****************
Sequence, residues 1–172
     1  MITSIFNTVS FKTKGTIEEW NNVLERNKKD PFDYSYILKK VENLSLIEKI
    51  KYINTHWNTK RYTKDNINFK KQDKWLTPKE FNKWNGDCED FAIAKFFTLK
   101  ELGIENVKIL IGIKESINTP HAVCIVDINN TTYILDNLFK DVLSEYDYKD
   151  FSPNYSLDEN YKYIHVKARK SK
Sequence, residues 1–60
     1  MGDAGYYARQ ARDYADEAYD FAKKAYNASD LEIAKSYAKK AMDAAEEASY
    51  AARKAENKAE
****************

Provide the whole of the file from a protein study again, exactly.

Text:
Sequence, residues 1–172
     1  MITSIFNTVS FKTKGTIEEW NNVLERNKKD PFDYSYILKK VENLSLIEKI
    51  KYINTHWNTK RYTKDNINFK KQDKWLTPKE FNKWNGDCED FAIAKFFTLK
   101  ELGIENVKIL IGIKESINTP HAVCIVDINN TTYILDNLFK DVLSEYDYKD
   151  FSPNYSLDEN YKYIHVKARK SK
Sequence, residues 1–60
     1  MGDAGYYARQ ARDYADEAYD FAKKAYNASD LEIAKSYAKK AMDAAEEASY
    51  AARKAENKAE